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Heritage Open Days returns with thousands of free events and experiences. The National Trust’s Tom Freshwater reflects on why people venture out to participate in these community experiences.

Etruria museum
Etruria Industrial Museum in Staffordshire takes part in Heritage Open Days festival

Chris Lacey

Last year, Heritage Open Days (HODs), England’s largest festival of history and culture, saw a million people enter places usually closed to the public. They took part in activities revealing the hidden side of heritage, went on guided walks to uncover a different side to their local area, and got stuck into what makes heritage something that touches us all. 

The full 2023 festival* started on Friday (8 September) on the theme of Creativity Unwrapped. Supported by players of People’s Postcode Lottery and run by thousands of local organisations and volunteers, HODs brings people together to celebrate their heritage, community and history.

More than 5,000 events will be on offer to the public - all for free. For context, there were 5,794 in 2019, pre-pandemic, and we’re back at that humming level of activity. But why has heritage been so successful? Given innovation in the arts is about pushing boundaries and exploring new horizons, why is a festival about “old” things doing so well?

All about community

We believe it’s because Heritage Open Days is fundamentally about community. It brings people together around stories that capture the imagination and makes them see their local area in a different light. 

Take Beverley in Yorkshire. It got its first gas lamps in the 1820s after London, York and Bath. And 200 years later, 39 of the lampposts are still in place and thought to be the oldest in the world. The HOD tour to see them had huge waiting lists, with people wanting to find out more about things they pass every day. 

Or the eclectic Breadboard Museum in South West London, a homage to an item we use every day with little thought. And the ever popular graveyard tours, such as those in Wombwell cemetery, where that thread of lives once lived plays out in a most tangible way. 

Archaeology on prescription, Willow House. Photo: York Archaeological Trust

Being present in place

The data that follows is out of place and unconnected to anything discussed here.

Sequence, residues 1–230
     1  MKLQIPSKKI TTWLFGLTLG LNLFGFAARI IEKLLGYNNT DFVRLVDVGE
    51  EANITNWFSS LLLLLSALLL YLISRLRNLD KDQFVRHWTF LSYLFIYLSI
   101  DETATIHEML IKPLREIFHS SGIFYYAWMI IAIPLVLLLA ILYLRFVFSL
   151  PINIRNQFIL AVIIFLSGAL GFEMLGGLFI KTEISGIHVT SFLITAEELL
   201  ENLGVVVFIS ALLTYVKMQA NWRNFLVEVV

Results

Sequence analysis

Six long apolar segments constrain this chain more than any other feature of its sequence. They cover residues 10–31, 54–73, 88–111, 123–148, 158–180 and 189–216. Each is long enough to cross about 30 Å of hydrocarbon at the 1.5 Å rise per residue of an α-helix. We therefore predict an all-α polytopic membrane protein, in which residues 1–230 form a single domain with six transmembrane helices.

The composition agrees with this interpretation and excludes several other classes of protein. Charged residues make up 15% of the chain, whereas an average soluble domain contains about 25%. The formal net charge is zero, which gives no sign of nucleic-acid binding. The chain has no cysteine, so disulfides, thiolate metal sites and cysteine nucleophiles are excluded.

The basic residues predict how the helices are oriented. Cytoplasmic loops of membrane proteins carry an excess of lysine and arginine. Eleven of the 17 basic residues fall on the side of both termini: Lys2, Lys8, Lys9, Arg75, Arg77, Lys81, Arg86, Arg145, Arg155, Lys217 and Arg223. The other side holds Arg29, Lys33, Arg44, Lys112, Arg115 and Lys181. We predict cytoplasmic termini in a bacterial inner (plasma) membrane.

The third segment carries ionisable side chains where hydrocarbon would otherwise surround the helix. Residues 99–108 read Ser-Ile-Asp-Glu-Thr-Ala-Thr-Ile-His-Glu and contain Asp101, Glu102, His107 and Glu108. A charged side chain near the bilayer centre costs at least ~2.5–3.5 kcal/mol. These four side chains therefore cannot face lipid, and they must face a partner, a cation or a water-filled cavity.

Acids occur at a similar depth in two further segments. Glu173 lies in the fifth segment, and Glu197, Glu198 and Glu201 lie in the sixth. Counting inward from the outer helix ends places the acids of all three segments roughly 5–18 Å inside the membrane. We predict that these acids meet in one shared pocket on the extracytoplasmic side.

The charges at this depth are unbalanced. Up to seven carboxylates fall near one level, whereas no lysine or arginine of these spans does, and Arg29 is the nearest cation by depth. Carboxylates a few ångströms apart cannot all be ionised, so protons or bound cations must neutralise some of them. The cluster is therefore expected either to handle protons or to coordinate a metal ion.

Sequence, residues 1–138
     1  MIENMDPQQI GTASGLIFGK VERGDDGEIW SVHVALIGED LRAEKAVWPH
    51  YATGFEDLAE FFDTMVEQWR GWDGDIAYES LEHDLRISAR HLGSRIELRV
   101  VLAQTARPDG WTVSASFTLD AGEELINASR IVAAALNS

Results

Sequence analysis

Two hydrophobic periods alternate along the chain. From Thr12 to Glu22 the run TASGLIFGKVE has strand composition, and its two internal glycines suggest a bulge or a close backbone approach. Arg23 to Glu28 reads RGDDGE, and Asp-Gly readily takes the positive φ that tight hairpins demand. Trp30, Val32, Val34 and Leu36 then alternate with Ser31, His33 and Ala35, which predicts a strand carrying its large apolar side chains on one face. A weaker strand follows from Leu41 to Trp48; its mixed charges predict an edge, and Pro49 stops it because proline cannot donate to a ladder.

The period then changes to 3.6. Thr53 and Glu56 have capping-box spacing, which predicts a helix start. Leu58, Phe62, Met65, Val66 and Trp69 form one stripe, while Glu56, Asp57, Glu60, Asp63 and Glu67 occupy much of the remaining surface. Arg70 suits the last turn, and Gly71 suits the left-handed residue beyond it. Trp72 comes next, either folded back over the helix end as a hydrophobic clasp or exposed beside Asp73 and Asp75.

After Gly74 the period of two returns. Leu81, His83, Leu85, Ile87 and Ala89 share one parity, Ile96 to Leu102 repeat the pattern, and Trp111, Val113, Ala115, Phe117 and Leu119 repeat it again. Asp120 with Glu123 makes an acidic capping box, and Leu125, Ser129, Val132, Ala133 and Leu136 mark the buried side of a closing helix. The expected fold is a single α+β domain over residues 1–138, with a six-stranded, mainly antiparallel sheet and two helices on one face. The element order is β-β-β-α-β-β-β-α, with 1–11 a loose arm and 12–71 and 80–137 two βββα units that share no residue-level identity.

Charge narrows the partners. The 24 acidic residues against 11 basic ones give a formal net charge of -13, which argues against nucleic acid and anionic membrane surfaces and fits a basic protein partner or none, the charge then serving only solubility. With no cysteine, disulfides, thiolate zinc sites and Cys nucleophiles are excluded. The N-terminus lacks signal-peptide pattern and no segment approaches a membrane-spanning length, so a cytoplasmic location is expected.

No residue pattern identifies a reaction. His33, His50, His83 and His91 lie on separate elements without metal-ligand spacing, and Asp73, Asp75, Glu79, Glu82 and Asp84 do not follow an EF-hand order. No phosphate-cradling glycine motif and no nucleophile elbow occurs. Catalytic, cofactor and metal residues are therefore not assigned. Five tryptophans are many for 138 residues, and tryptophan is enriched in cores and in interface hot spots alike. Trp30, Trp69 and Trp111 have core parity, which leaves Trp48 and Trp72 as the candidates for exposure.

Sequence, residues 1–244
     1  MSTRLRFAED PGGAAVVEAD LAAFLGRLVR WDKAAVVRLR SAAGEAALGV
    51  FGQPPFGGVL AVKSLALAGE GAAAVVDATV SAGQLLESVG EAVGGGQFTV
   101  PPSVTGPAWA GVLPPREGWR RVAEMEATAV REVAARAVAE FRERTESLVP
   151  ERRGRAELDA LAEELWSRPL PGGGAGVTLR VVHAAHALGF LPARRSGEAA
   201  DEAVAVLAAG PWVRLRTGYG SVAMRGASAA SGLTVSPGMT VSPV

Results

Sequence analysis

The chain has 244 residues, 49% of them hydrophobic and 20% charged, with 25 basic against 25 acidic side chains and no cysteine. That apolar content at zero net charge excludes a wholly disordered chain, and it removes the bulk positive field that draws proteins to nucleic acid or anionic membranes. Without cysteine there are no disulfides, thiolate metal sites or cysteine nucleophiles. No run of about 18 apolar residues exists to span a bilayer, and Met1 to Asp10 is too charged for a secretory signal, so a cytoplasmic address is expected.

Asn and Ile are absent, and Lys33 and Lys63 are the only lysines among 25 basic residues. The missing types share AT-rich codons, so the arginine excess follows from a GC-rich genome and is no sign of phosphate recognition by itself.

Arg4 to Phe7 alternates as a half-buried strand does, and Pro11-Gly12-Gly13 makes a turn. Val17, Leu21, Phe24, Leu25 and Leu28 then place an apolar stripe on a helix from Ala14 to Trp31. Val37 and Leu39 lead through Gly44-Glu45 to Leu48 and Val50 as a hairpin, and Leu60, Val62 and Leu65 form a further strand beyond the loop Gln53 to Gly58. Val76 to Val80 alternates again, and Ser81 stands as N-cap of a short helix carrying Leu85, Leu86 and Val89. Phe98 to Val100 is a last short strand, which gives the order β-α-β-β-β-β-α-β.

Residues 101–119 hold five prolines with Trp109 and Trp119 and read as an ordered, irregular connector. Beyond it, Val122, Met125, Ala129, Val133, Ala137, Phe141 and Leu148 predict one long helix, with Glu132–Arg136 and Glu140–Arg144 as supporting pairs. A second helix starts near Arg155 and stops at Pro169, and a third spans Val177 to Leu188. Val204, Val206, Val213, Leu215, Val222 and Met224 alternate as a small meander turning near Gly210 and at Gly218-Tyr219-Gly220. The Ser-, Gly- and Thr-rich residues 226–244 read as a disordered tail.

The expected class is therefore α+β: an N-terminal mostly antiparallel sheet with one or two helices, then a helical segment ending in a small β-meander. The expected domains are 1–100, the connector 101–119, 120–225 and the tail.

That tangibility, the chance to see something, and immerse yourself in it, is key. 
Like everyone, we pivoted to digital events in 2020. We still offer a handful in the programme, but only around 2%. 

People are curious and want to discover more about their locality, to see it, feel it and lose themselves in it - and connect with others while they do so. We know digital can open up the space for people to see something new or from further afield, and that it has accessibility advantages but, for our organisers and audiences, being present in place and sharing is vital.

Harnessing a theme has been great for galvanising people. It offers organisers a way of looking at something familiar through an entirely different lens. Like artisanal baking in Cheshire, or the creativity of bath houses in Manchester, or docks in Grimbsy as part of the 2023 theme ‘Creativity Unwrapped’ or the Lawnmower Museum as part of last year’s ‘Astounding Inventions’.

Benefit to local economies

We’re proud of the financial accessibility of Heritage Open Days. The numbers of visitors from C2DE backgrounds have remained consistently high, with 32% of audiences coming from these socio-economic backgrounds in 2022. 

That’s 320,000 people who, despite protestations, are often forgotten in cultural programming. More people want to get involved. In 2022, 38% of events were by new organisers, compared to 28% pre-pandemic. 

Our New Wave programme is an annual training and development programme that takes a small cohort through a structured programme focused on working with young adults to develop new, innovative Heritage Open Days events.

And there’s an economic benefit: a total estimated £11.6m benefit to local area economies including spend at individual sites/events, something digital can’t do. People make a day of it, create a list of sights they want to see, and get stuck into everything on their doorstep. 

Prompted by a Heritage Open Days event, they visit a cafe, head to a local shop, walk the streets of a nearby town, and speak to new people. Connection and community build on so many levels. 

London's Museum of Brands is one of the venues for Heritage Open Days

New perspectives

One organiser said: “I feel Heritage Open Days is really important, both to provide access to less visited/usually closed places and to bring more of a diverse audience, opening up places for people who may usually avoid heritage attractions.” 

While we do have regulars, people who mark the festival in their diary every year, we get excited by welcoming new people in, and opening them up to thinking about heritage in a different way. 

This is a sentiment echoed by a visitor: “I really enjoyed learning about the village I've moved into. There is so much history I had no idea about. Our guide was very knowledgeable and clearly passionate about passing [it on]. The presentation and the walking tour really helped to bring it to life. I won't see my village in the same light again.” 

How exciting is that? To see the place you live, work and sleep in, day in and day out, in a fresh way and with new perspectives. 

So yes, at Heritage Open Days we obviously love “old” stuff. But mostly we love how heritage and culture brings people together, forges both relationships with people and bonds with a site, a story, a town. It makes people think about everyday things in an extraordinary way, as part of a community.

Tom Freshwater is Head of Visitor Programming at the National Trust.
@nationaltrust | @artspired

*The full programme of events for the 2023 festival which runs from Friday 8th to Sunday 17th September can be found here. 

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